MONROVIA, Liberia -- A large-scale human trial of two potential Ebola vaccines got under way in Liberia's capital Monday, part of a global effort to prevent a repeat of the epidemic that has now claimed nearly 9,000 lives in West Africa.
The trials in Liberia are taking place after smaller studies determined that the vaccines were safe for human use. By comparing them now with a placebo shot, scientists hope to learn whether they can prevent people from contracting the ghastly virus that has killed some 60 percent of those hospitalized with the disease.
Yet despite the trials' promise, authorities still must combat fear and suspicion that people could become infected by taking part. Each vaccine uses a different virus to carry non-infectious Ebola genetic material into the body and spark an immune response.
On Sunday in one densely populated neighborhood of Monrovia, musicians sang songs explaining the purpose and intent of the trial in a bid to dispel fears.
B. Emmanuel Lansana, 43, a physician's assistant, was the first to receive doses on Monday. Two shots were administered at different points on his right arm. His wife had expressed apprehension about the vaccine trial, but Lansana said he still wanted to take part.
"From the counselling, all of the reservations I have were explained, my doubts were cleared," he said in a room where he was being observed for 30 minutes afterward.
Up to 600 volunteers are taking part in the first phase, and trial organizers have said eventually as many as 27,000 people could take part.
"We are targeting about 12 persons for today and hopefully the number will increase as we go alone," Wissedi Sio Njoh, director of operation with the vaccination campaign, told The Associated Press.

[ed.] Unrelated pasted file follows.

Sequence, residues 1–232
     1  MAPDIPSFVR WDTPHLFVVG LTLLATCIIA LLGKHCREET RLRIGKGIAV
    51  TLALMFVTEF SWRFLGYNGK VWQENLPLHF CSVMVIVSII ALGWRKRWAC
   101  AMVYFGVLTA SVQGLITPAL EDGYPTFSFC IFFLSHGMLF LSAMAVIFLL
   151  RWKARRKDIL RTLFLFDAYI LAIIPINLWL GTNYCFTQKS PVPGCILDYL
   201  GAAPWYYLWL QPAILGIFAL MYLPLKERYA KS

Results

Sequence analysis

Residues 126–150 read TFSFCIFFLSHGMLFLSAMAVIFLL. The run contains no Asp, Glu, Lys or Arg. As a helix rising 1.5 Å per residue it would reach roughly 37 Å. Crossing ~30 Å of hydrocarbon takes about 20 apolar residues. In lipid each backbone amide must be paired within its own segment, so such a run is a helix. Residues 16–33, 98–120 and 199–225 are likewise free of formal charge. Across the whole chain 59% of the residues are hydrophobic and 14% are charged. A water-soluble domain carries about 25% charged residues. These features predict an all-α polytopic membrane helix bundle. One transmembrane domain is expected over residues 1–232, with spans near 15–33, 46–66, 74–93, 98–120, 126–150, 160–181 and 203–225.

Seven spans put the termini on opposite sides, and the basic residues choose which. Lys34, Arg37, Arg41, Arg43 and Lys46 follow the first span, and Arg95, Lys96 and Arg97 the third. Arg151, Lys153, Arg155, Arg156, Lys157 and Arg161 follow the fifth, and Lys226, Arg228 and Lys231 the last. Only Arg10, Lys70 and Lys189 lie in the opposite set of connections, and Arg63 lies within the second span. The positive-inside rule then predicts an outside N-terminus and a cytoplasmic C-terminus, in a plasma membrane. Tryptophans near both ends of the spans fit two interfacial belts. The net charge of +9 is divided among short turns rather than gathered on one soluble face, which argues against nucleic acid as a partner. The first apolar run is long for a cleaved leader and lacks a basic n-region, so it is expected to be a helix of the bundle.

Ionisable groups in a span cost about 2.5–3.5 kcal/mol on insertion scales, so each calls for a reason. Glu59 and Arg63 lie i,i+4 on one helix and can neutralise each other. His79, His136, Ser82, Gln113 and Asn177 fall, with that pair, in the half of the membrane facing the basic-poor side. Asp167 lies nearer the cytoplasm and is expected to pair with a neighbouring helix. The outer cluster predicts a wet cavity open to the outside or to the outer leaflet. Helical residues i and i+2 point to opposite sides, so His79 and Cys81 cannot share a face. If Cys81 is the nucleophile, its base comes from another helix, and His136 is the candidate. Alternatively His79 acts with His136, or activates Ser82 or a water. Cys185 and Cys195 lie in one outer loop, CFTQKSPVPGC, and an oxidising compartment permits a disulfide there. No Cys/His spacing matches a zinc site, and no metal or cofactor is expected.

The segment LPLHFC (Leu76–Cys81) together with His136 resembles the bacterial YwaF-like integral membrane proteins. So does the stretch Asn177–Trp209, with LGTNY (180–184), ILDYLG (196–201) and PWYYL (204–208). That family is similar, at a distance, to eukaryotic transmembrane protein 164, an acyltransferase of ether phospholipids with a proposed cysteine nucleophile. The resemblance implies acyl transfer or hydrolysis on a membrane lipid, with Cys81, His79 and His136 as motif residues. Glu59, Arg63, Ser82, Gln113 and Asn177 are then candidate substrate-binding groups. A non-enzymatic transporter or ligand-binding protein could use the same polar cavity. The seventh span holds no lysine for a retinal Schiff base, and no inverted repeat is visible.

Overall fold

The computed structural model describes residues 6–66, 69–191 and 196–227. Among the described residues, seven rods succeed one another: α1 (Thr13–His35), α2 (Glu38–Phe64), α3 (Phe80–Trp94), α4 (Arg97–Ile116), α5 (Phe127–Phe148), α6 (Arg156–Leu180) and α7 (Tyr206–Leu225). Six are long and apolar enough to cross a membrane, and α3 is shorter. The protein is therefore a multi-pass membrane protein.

The World Health Organization says the Ebola epidemic has infected more than 22,000 people and claimed more than 8,800 lives over the past year. Without a vaccine, officials have fought the outbreak with old-fashioned public health measures, including isolating the sick, tracking and quarantining those who had contact with them, and setting up teams to safely bury bodies.
Dr. Anthony Fauci, director of the U.S. National Institute of Allergy and Infectious Diseases, has said that both experimental vaccines showed promise in first-stage human safety tests. One was developed by the National Institutes of Health and is being manufactured by GlaxoSmithKline. The other was developed by Canadian health officials and is licensed to two U.S. companies, NewLink Genetics and Merck.
The vaccine trials come as the three most affected countries -- Guinea, Sierra Leone and Liberia -- appear to be making strides against the Ebola epidemic first identified last March. The U.N. health agency said last week that the countries had reported fewer than 100 cases in the past week, for the first time since June.
At the same time, scientists are raising concerns that the virus may be mutating, potentially complicating the search for an effective vaccine or treatment.
"We know the virus is changing quite a lot," human geneticist Dr Anavaj Sakuntabhai told the BBC.
It is not unusual for a virus to mutate as it is spread from person to person. The BBC noted a previous study by the World Health Organization which showed the Ebola virus mutated considerably within the first few weeks of the outbreak in Sierra Leone. "This certainly does raise a lot of scientific questions about transmissibility, response to vaccines and drugs," WHO reported. "However, many gene mutations may not have any impact on how the virus responds to drugs or behaves in human populations."
While mutation could potentially make the virus even more contagious or lethal, global health officials say it is extremely unlikely to fundamentally change the way the disease is transmitted. Ebola is spread through contact with infected bodily fluids; experts say it cannot become airborne.
"Scientists are unaware of any virus that has dramatically changed its mode of transmission," WHO writes. "That virus has probably circulated through many billions of birds for at least two decades. Its mode of transmission remains basically unchanged. Speculation that Ebola virus disease might mutate into a form that could easily spread among humans through the air is just that: speculation, unsubstantiated by any evidence."
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